The flying car is a symbol of fantastical, futuristic optimism colliding with reality. It’s shorthand for our inability to predict the future and our simultaneous refusal to stop, even in the face of our incompetence. We dream about driving flying cars in childhood and never outgrow the fantasy of their existence no matter how well we understand the obstacles. That’s why French photographer Renaud Marion‘s series Air Drive is spreading fast on the interwebs.
Let’s be honest: waxing skis is important maintenance, but also a total pain in the ass, so most of us don’t do it. That might change, however, thanks to a new technology just announced by DPS. DPS defines the tech, called Phantom, as a “permanent base glide treatment.” It's a one-time treatment you apply to your skis that supposedly forever eliminates the need for wax.
Last year, Google launched its first smartphone: Pixel. Right out the gate, the camera on the Pixel stood up to those on other leading smartphones, including the iPhone 7. Fast-forward one year and the arms race continues. Apple just launched the iPhone 8 with a camera that is a noticeable improvement over the 7, and Google now has the Pixel 2, which is also significantly better than its predecessor. We’ve been playing with the Pixel 2 over the past week. Here are our first impressions.
Muck Rack makes it simple to find people, tweets, or articles that mention any name, keyword, company, hashtag etc. We've compiled this guide to help you make the most of your search.
Selecting a term
Start searching tweets, articles from media outlets, articles mentioned in tweets, journalists'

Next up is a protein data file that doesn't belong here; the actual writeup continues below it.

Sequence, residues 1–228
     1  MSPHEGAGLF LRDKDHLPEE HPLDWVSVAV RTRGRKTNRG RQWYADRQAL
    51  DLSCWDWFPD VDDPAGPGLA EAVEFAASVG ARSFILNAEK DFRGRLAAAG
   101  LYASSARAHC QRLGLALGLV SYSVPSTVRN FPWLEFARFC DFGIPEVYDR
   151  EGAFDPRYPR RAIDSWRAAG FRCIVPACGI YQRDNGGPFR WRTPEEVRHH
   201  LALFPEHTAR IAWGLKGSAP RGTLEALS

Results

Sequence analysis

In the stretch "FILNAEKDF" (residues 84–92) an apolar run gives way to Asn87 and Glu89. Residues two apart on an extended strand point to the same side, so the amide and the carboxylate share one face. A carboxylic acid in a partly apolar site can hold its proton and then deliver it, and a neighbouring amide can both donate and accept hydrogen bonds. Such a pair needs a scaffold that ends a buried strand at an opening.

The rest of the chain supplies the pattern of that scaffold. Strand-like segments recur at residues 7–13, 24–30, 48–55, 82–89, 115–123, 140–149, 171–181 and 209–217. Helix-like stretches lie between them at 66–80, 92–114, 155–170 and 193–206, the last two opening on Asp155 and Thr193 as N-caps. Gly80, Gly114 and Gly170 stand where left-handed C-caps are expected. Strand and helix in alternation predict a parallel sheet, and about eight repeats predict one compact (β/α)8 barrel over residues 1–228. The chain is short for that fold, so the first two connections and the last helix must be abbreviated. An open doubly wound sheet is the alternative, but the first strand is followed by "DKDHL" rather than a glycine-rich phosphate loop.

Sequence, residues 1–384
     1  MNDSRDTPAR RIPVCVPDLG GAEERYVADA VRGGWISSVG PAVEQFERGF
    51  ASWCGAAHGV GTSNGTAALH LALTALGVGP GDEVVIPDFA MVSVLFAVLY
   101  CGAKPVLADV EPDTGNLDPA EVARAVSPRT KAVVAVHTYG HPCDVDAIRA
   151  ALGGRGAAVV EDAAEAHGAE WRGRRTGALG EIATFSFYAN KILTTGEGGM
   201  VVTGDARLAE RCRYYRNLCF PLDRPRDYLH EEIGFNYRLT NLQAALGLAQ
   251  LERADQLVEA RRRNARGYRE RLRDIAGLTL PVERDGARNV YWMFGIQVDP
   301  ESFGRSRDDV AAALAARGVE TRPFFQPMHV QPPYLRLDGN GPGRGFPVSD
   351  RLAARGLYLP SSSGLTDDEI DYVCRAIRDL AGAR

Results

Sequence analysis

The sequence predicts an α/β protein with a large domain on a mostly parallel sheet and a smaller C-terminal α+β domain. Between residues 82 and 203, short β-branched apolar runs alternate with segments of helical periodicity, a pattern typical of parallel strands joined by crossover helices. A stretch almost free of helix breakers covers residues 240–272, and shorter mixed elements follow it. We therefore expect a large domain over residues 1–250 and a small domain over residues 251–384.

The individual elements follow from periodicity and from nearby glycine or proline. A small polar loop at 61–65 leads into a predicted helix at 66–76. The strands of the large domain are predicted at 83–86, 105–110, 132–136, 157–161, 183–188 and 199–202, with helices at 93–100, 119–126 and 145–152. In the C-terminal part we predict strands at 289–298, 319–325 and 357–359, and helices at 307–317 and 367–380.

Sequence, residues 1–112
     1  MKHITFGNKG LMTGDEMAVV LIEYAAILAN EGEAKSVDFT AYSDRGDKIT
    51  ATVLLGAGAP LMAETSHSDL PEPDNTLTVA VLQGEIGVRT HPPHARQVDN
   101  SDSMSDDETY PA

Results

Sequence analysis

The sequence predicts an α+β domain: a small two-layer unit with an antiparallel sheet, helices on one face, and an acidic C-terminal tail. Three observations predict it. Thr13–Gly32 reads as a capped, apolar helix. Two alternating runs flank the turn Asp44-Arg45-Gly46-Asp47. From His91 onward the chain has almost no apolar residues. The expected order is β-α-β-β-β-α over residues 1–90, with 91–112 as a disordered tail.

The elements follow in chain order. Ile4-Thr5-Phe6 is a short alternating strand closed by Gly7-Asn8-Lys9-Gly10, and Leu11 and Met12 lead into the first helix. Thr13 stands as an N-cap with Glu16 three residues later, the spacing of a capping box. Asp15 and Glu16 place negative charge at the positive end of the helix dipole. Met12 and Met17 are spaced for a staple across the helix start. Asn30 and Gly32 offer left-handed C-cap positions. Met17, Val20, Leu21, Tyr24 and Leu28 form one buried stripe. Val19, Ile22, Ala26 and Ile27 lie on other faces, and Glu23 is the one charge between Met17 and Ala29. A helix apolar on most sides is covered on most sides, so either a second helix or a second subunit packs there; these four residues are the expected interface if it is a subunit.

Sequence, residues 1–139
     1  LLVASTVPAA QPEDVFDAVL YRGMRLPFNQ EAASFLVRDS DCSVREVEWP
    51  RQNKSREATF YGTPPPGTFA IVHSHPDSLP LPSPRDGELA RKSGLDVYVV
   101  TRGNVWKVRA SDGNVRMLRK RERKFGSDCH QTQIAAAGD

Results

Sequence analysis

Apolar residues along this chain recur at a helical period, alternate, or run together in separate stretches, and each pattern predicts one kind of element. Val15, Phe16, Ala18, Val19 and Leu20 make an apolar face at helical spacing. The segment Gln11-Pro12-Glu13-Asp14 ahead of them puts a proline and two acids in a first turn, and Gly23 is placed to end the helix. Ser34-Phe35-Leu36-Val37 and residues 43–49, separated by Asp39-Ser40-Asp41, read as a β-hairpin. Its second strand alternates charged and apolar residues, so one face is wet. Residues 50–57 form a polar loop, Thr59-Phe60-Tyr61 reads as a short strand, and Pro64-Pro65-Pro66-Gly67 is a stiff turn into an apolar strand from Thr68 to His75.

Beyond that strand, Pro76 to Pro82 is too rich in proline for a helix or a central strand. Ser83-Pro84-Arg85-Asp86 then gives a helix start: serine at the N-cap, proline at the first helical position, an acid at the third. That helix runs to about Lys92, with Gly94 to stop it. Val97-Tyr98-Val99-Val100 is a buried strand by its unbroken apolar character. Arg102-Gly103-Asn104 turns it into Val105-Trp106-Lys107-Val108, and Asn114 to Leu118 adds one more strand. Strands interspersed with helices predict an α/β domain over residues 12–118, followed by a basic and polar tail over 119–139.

names, titles and bios with some suggested searches:
Companies or Topics (e.g. iPhone, Microsoft)
Phrases (e.g. "cloud computing") — use quotes to keep the terms together
Twitter handles (e.g. @username) — returns those who have mentioned or replied to
Names (e.g. "David Pogue")
Hashtags (e.g. #sxsw, #london2012)
Bio details (e.g. vegan, Olympics, father)
Muck Rack's Advanced Search allows for many boolean operators.
Find results that mention multiple specified terms, use AND or
+. For example, ensure each result contains both Elon Musk and Mark Zuckerberg by
searching Musk AND Zuckerberg or Musk + Zuckerberg.
Use the operators OR or , to broaden your search when you'd like either of
multiple terms to appear in results. (This is the default behavior of our search when no operators
are used). For example, results will contain either cake or cookie by searching cake OR cookie or cake,cookie
Use NOT or - to subtract results from your search. For
example, searching Disney will yield results about the Walt Disney Company as well as Walt Disney
World Resort. To exclude mentions of Disney World, search for Disney -World or Disney
When using one of these operators with a phrase, enclose it in quotation marks. For example, you can
find results about smartphones excluding Apple's iPhone 4S by searching smartphone -"iPhone
Exact case matching or punctuation
If you're searching for a brand name or keyword that relies on specific punctuation marks or capitalization, you can
find results that match your exact query by adding matchcase: before the keyword you're searching for, like matchcase:E*TRADE .
Use parentheses to separate multiple
boolean phrases. For example, to find journalists talking about having fun in Disney World or
Disneyland, search for ("disney world" OR disneyland) AND fun.
An asterisk can be used to search for any variation of a root word truncated by the asterisk. For example, searching for admin* will return results for administrator, administration, administer, administered, etc.
A near operator is an AND operator where you can control the distance between the words. You can vary the distance the near operation uses by adding a forward slash and number (between 0-99) such as strawberries NEAR/10 "whipped cream", which means the strawberries must exist within 10 words of "whipped cream".